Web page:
Some years back, I saw an interesting demo. This was at a RoboFest in Austin, thrown by The Robot Group. This guy had figured out how to interface EMG sensors to MIDI. The demo used a professional dancer. The guy was dancing, triggering drum machine notes off of various muscles arm muscles, dancing and providing his own beats for the dance. Incredibly impressive - and definitely both artistic and musical. (That last part is HARD to pull off, even by conventional tastes.)
--John R. Strohm
Subject: Save Toby.
--- Roland Dobbins
Hmm. Rabbits are cheap, and certainly legal to eat, and probably tasty. I wonder how much == but no, of course not.
|This week:||Tuesday, April
Subject: "It's part of our lexicon."
- Roland Dobbins
The times, they are a' changing. And closely coupled:
Subject: Tell us something we -don't- know.
------ Roland Dobbins
Subject: Installing Linux on a Dead Badger.
--- Roland Dobbins
Wow. Open Source has really gone a long way.
Subject: Every child left behind.
-- Roland Dobbins
You may expect to see a very great deal more of this in future. Teaching the young can be a very rewarding experience except when it is made impossible. The lawyers and various shakedown rackets have made it impossible. Why is anyone astonished?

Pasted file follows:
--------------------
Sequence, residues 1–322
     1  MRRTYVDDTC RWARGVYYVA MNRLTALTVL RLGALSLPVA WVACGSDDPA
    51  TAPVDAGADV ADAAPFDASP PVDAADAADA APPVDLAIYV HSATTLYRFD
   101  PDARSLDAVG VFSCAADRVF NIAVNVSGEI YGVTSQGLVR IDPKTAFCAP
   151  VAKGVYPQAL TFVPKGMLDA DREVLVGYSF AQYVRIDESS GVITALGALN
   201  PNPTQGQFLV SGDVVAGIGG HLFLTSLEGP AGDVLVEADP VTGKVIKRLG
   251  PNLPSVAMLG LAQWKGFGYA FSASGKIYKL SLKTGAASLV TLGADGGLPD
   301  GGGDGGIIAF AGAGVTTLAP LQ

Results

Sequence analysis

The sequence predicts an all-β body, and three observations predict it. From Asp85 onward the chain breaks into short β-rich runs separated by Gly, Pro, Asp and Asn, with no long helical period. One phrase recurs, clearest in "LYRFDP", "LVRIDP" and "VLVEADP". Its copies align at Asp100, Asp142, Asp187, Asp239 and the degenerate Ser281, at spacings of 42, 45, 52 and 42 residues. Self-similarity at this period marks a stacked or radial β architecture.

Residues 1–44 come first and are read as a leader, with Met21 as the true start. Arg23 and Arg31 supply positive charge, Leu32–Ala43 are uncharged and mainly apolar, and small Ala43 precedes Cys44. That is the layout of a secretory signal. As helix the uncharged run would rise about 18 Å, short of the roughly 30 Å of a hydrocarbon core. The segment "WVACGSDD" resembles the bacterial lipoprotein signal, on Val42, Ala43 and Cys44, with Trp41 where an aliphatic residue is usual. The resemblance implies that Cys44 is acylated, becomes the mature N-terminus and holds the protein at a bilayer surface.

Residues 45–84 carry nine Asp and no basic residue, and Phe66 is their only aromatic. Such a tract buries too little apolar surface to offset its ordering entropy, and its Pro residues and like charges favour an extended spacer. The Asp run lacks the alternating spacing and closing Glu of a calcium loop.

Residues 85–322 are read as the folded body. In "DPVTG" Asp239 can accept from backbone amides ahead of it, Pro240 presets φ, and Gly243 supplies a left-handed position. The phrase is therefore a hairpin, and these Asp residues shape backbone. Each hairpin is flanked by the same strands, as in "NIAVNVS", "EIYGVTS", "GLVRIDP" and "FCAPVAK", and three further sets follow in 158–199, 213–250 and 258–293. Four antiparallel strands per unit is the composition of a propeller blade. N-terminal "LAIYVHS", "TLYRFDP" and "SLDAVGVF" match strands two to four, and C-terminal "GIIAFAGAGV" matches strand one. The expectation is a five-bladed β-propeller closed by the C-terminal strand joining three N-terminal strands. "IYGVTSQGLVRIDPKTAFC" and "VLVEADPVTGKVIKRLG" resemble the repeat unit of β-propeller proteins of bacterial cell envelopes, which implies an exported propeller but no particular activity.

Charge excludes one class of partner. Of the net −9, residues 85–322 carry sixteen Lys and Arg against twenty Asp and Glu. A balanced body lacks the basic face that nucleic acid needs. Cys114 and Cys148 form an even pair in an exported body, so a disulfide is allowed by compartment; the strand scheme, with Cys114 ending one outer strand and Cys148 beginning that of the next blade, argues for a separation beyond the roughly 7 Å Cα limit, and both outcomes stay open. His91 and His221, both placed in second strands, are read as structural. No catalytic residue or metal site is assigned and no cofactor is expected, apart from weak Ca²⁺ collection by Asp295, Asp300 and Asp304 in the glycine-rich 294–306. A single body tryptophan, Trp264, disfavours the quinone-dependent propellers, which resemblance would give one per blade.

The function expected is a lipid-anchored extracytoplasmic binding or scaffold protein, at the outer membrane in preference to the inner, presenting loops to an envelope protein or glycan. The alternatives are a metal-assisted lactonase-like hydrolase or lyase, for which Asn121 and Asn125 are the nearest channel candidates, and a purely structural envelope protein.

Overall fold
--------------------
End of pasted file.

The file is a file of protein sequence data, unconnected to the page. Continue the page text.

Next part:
We have sown the wind. Now we reap.
Subject: Overclocked white boxen cause for Windows problems?
A blogger posits that overclocking is the heart of many Windows problems http://blogs.msdn.com/oldnewthing/archive/2005/04/12/407562.aspx as first reported at Ars Technica.
Furthermore, he alleges the overclocking is done by the sellers of the white boxen.
Last time I assembled a PC with an Intel mobo, I looked at the settings and found it was extraordinarily difficult to overclock. I don't think Intel sees any advantage in overclocking. Therefore, I will assume (but be eager to hear otherwise) this is confined to non-Intel motherboards.